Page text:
Second Helpings delivered 2.6 million pounds of food last year.
As the local arm of the Lowcountry Food Bank and Feeding America, the nonprofit charitable food distribution group is required to keep track of all the food they pick up and drop off. Then they must report that data back to the Lowcountry Food Bank. They also use the information as a tool for fundraising through the United Way, the Bargain Box, the Beaufort Fund and other organizations.
That task has been a daunting one, Second Helpings president Jon Peluso said. Volunteers used to write all the information on pieces of paper and then enter them into a database. The figures weren't exactly accurate.
"When we were implementing this system, I was looking at the old sheets on a daily basis, and I used to joke that it was like the Bible," Peluso said. "Some days we picked up 1,900 pounds and dropped off 2,000."
Never miss a local story.
But thanks to students at Bowdoin College in Maine, keeping track of those numbers is now a lot easier.
Second Helpings volunteer Leigh Bullen was talking with his neighbor, Dr. Allen Tucker, a semi-retired professor who lives part-time on Hilton Head Island, when the professor offered to help the group with their data-collecting difficulties. Tucker told Bullen that he requires his students to write computer applications for charities.
Peluso and Tucker talked via Skype with the three college students every Thursday for about eight weeks. One of the students even came to the Lowcountry to perfect the system. The students came up with a program called Home Plate.
Home Plate is run on an Android tablet that rides along with volunteers on the Second Helpings trucks. Volunteers enter which of the three areas they are working -- Bluffton, Hilton Head or Beaufort. At each pickup location, they enter how many pounds of produce, meat, dairy, bakery and other items they collected. When they drop off food, they enter the amount they unload from the truck. The program calculates it all and tells them how much is on the truck at all times.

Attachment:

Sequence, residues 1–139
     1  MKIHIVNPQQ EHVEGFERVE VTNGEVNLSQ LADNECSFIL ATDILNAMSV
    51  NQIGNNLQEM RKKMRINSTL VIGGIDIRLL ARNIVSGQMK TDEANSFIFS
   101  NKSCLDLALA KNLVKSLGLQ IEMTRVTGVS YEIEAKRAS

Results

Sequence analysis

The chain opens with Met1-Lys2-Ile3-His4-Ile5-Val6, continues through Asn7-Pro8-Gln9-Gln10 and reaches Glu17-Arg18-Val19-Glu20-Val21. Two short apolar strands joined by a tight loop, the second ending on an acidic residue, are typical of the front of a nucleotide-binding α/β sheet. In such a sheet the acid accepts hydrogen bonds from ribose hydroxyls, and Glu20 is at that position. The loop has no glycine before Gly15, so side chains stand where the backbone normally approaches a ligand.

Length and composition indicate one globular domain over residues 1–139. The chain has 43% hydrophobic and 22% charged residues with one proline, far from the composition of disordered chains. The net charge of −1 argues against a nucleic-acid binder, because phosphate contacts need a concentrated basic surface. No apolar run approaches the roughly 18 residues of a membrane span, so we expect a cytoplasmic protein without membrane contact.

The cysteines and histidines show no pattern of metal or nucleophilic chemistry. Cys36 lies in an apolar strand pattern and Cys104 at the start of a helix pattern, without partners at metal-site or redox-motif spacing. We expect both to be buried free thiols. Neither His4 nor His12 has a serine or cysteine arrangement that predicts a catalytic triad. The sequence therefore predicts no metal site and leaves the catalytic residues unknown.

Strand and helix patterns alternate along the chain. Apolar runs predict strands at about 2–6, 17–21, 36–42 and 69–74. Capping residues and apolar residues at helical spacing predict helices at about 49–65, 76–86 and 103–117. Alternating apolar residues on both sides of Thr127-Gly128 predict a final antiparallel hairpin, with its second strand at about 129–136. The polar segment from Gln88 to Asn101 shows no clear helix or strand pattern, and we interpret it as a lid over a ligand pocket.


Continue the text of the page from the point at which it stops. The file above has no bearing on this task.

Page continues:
At the end of the day, one of the volunteers uploads the data at a Wifi hotspot, and the program zeroes out the balance on the truck. The system also eliminates the job of reporting the data back to the Lowcountry Food Bank. Now the food bank has remote access to the server and can look at the data whenever they like.
The program and the Androids -- one for each of the five Second Helpings trucks -- cost the group nothing. The Long Cove Club Community Endowment Fund gave the organization a $3,100 grant to cover the cost of the tablets and other equipment.
Second Helpings began using the new program in September, and Peluso said they had the whole thing implemented in all three areas within a month.
"It was really pretty neat," he said. "This thing has eliminated so much paperwork."
Peluso said the majority of his 225 volunteers are retirees, some in their 80s. But they haven't let age stop them from learning something new.
"They've just embraced this," he said.
Peluso said he wrote an eight-page user's manual, but they never even used it because the program is so simple.
Volunteer Paddy O'Brien said he's not tech-savvy at all. Yet he's usually the one in charge of the Android when he's on the truck.
"It's amazing what (they've) done here with the program," he said. "It makes things easier for us."
Follow Amy Coyne Bredeson at twitter.com/IPBG_Amy.